Mathews: Citizens’ assembly for democratic governance of the internet

An op-ed by Joe Mathews in The Mercury News.

We need a new way to govern the internet, here’s how to do it
Joe Mathews, May 7, 2021

Today’s methods for governing the internet do not constitute a coherent system, much less a democratic one. Instead, internet governance is a contest for power between the most powerful tech companies, who put their shareholders first, and national governments, which prioritize their own political interests.

In this contest, both sides create the pretense of democracy. Facebook, based in Menlo Park, has created its own “independent oversight” board of global experts, though it’s unelected and chosen by Facebook. The European Union touts its tougher regulation of privacy and the internet — but those regulators are also unelected, and impose their rules on people far from Europe.

Which is why the internet needs a democratic government that operates beyond the reach of tech companies or national government. Such a system must be both local — to allow people to govern the internet where they live — and transnational, just like the internet itself.

I’d suggest that the internet’s democratic government combine multiple forms of democratic governance.

The center of such a government should be a citizens’ assembly — a tool used around the world to get democratic verdicts that are independent of elites. This citizens’ assembly would consist of 1,000 people who, together, would be representative by age, gender and national origin of the global community of internet users. They would not be elected individually, but rather chosen via randomized processes that use sortition (or drawing lots).

The assembly would be supplemented by an online platform that allowed people to report problems, make suggestions, or even petition for proposals that could be voted upon in a global referendum by internet users everywhere. The models for such a platform include Rousseau, the controversial online environment through which Italy’s Five Star Movement governed itself for a time, and Decide Madrid, the online participatory framework that has spread from the Spanish capital to more than 100 cities worldwide.

National governments and tech companies would try desperately to influence this government, but they would not be in charge of it. And each citizens’ assembly would dissolve after two or three years — making it harder for the powerful to lobby it.

Mansbridge: Beyond Adversary Democracy

An interview with Jane Mansbridge in the Harvard Gazette.

GAZETTE: How might we get citizens who are so polarized to listen to one another?

MANSBRIDGE: One proven practice is the technique of citizens’ assemblies or deliberative polls. These are groups of citizens drawn randomly, through a democratic lottery, from a particular population. It could be an entire country, a state, a city, or even a neighborhood, from which you bring together a group of citizens to talk about an issue that is of concern to their community. For this technique to be successful, the group has to be random, meaning that you have to have good representation from everyone, not just the white retirees who don’t have much to do and would love to come to this sort of thing. To get a random group, you ought to able to pay the participants because you want to be able to get the poor, the less educated, and people who, for one reason or another, would not give up a weekend otherwise to come together with other citizens to deliberate about some major issue.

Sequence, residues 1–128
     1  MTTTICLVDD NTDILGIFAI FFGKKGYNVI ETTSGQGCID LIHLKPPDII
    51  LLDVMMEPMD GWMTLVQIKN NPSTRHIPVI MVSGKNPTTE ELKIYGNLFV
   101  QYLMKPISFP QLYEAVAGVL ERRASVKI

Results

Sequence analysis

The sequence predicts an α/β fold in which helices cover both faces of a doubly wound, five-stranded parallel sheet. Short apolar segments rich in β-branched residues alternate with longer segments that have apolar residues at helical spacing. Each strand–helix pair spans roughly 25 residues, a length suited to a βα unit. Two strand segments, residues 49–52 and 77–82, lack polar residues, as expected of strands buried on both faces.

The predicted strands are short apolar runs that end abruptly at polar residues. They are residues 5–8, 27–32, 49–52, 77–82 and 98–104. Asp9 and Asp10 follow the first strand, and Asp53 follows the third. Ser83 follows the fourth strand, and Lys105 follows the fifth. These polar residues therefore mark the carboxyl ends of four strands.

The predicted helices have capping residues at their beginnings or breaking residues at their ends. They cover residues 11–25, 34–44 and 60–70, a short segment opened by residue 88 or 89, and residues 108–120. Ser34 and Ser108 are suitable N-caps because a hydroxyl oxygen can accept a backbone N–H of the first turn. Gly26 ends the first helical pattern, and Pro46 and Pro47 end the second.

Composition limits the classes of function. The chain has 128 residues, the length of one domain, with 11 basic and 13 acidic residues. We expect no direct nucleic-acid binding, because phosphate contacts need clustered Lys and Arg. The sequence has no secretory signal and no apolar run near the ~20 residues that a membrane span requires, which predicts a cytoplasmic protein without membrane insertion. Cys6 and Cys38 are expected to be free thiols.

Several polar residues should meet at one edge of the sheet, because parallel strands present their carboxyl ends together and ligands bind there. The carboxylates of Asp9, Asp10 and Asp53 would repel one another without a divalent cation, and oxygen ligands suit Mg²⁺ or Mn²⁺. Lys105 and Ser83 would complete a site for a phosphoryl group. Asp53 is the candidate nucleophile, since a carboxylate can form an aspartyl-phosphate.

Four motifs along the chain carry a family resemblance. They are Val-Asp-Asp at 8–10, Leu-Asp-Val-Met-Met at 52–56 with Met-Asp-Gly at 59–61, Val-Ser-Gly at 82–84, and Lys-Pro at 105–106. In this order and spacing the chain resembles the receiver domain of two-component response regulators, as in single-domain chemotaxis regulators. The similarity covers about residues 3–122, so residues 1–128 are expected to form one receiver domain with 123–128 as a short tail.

GAZETTE: Have you participated in a citizens’ assembly? What was it like?
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My Turn: On citizens’ assemblies

Dennis Merritt, a resident of Shelburne Falls, writes in the Greenfield Reporter (keeping Franklin County informed since 1792!):

Judith Truesdell’s letter on immigration reform [“Illegal immigration”, April 24] made me think more about a friend of mine’s opinions on citizens’ assemblies, a form of sortition.

What’s sortition? It turns out the Athenian Greek democracy did not elect representatives. Instead they were chosen at random from the population. That’s sortition.

For some, the very fact that we elect our representatives is at the core of the problems with our government today. They argue that if Congress were made up of randomly selected individuals, who are demographically representative of the country, rotating through fixed terms, then a lot more would get done, and get done better.

Why? Because the representatives would focus on the issues, not the visibility of the issue and how it affects their fundraising and chances for re-election.

That’s clearly not going to happen any time soon, but there is a variation on the idea that is happening in places and could happen on a national level. It’s called citizens’ assemblies.

A citizens’ assembly is a group of randomly selected, demographically representative individuals brought together to address one particular issue, hopefully to make law, but at least to make recommendations. These could be relatively large groups. They would take input from various stake holders and experts. After making their decision, they would disband.
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New Zealand: Fresh water requires fresh ideas

Nicolas Pirsoul, Policy Analyst and Research Assistant, and Maria Armoudian, Lecturer, Politics & International Relations, both at the University of Auckland, write:

While the primary industry sector undeniably plays a key role in New Zealand’s economy (5-7% of GDP for agriculture), its true contribution might look quite different if environmental impacts – and freshwater quality in particular – were taken into account.